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Cheddar Gorge Walk: The Ultimate Guide

Cheddar Gorge Walk: The Ultimate Guide

The Cheddar Gorge Walk is one of Somerset’s finest hikes. Otherwise known as the Cheddar Gorge Circular Walk, Cheddar Gorge Cliff Top Walk or Cheddar Gorge Hike, the trail provides awesome views of the immense gorge. The trail itself is a relatively short one, but it’s quite steep and challenging in sections, making it a thrilling adventure and a must-do for hiking enthusiasts in the UK.

Cheddar Gorge is the UK’s highest gorge measuring 137 metres. Other than driving through it, walking Cheddar Gorge is the best way to enjoy it. The Cheddar Gorge Walk is a convenient loop route, which involves hiking on either side of the gorge; the highlight being the Pinnacles landmark – a section of epic crags and limestone cliff wall.

In this guide, we’ll describe the route, provide GPS-guided directions, discuss nearby accommodation and show you amazing photos of the hike, which includes aerial photography. You can even check out drone highlights of the Cheddar Gorge Walk in our YouTube production below.

For other hiking adventures in the UK, check out our NC500, Brecon Beacons and Flamborough Head to Bempton Cliffs hiking guides.

The Cheddar Gorge Walk is the Best Trail Option

There are actually a few trail options when it comes to walking in Cheddar Gorge. But, the circular Cheddar Gorge Walk is definitely the best option. This trail takes in all the highlights of the gorge and its beautiful countryside. So, this trail is the obvious choice if you’re wanting to explore as much of the gorge as possible. At 5.8km, the trail itself is relatively short, so to choose a shorter trail, where you’d see less of the gorge, would be doing yourself an injustice!

But, many walkers will only walk the south ridge of the gorge, as this side has the most well-known attractions, including the Pinnacles and Jacob’s Ladder, otherwise known as the Cheddar Gorge steps. Indeed, the trail on the south ridge is well signposted and very popular. But, instead of doing an out and back of this side of the gorge, it makes sense to do a loop. This way, you’ll get to explore more of the outstanding limestone rock creating an even more enjoyable hike.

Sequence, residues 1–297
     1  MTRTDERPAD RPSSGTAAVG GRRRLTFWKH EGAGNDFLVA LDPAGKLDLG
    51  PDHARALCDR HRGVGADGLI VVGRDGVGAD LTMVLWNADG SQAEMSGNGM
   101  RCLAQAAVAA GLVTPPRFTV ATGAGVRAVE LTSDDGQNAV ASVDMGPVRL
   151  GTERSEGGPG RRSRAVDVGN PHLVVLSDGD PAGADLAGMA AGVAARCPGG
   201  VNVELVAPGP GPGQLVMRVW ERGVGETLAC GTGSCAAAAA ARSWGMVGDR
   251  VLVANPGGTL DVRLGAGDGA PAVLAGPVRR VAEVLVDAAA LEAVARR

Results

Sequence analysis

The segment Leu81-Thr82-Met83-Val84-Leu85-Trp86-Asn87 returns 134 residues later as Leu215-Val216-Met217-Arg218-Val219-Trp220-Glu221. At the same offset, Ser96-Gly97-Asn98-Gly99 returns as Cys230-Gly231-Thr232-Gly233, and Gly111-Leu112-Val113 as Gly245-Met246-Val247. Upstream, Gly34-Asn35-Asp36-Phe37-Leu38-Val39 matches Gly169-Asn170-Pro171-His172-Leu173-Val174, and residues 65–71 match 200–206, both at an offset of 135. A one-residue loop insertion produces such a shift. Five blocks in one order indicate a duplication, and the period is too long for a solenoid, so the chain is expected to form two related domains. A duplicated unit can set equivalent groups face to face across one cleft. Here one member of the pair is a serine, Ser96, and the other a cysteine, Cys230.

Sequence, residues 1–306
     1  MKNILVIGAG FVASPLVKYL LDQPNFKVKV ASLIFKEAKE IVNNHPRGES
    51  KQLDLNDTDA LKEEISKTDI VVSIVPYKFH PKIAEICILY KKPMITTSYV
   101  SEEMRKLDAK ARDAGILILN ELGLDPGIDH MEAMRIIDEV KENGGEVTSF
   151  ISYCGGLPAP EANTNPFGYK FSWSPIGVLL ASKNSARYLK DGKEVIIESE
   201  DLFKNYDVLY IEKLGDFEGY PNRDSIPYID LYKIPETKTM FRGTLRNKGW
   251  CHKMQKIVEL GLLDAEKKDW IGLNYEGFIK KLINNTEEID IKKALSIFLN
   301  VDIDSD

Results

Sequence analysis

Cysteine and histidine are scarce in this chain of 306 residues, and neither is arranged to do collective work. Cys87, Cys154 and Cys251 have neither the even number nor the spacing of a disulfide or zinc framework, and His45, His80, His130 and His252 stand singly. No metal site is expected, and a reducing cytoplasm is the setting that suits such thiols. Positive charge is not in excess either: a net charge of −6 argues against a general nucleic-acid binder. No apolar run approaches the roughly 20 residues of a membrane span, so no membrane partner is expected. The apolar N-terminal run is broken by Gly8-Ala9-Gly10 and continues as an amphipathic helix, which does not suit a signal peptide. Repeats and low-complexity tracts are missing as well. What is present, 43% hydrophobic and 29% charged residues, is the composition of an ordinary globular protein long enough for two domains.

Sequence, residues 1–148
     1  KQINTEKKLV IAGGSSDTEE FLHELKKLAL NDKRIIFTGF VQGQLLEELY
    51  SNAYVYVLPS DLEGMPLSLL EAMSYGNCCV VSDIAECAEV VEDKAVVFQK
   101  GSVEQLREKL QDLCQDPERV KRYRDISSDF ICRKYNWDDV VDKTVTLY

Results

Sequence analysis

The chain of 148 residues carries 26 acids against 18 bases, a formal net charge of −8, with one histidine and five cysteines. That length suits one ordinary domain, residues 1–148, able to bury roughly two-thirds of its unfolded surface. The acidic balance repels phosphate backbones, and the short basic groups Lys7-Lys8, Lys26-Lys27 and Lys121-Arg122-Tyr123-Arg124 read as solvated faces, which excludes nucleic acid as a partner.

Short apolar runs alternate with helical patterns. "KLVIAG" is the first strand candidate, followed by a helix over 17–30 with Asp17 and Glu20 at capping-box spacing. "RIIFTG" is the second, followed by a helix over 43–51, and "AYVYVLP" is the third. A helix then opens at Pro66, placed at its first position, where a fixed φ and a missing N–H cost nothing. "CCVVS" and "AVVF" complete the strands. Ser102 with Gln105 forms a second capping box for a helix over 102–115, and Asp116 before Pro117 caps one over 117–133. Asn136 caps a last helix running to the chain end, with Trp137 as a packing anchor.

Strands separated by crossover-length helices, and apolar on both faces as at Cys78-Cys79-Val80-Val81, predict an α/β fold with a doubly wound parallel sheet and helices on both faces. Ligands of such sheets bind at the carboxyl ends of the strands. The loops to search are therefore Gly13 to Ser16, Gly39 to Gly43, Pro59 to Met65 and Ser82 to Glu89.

Dan observes Cheddar Gorge from the Pinnacles cliffs
The Pinnacles

Cheddar Gorge Trail Preview

  • Type: Loop
  • Distance: 5.8km
  • Time: 2.5 hours
  • Accumulated elevation gain: 369m
  • Difficulty: Easy
  • Trailhead: Black Rock

Travel Made Me Do It have personally rated this trail

Beck admires Cheddar Gorge from the Pinnacles

Cheddar Gorge Walk Map

The Cheddar Gorge Walk is fairly straightforward in terms of navigation. But, if you’re unfamiliar with the area, it may be worth having a Cheddar Gorge map with GPS directions. Feel free to use our Wikiloc GPS-guided Cheddar Gorge map.

The Cheddar Gorge Walk

Where to start the Cheddar Gorge Walk? Many hikers start their adventure from Cheddar village, which involves a short walk from town to reach the Cheddar Gorge Walk. But, we recommend starting at Black Rock, where you’ll find free street parking. From there, we recommend following the route in a clockwise direction to experience the best of the hike in the first half of your adventure.

In doing so, you’ll immediately begin to ascend rocky terrain, meandering through the forest. Soon enough, you’ll reach the top of the southern cliffs that form one wall of the gorge. The trail flattens, with farmland to your left and the deep gorge to your right.

Views of the opposing cliff walls are magnificent. But, the rugged crags and amazing cliff edge beside you are even more impressive. There are several amazing cliff walls on the southern edge of the gorge to admire, but our favourite landmark was the Pinnacles.

The Pinnacles are an incredible cliff landmark, made of numerous small ridge outcrops, which look absolutely immense. There are no fences atop the cliff top, so be very careful when exploring these ridges. From the Pinnacles, the views of the gorge, and particularly, the horseshoe bend, are unbeatable.

The Horseshoe Bend as seen from the Cheddar Gorge Walk
The Horseshoe Bend

Only through the lens of the drone, were we able to capture better views and perspectives of Cheddar Gorge during the walk.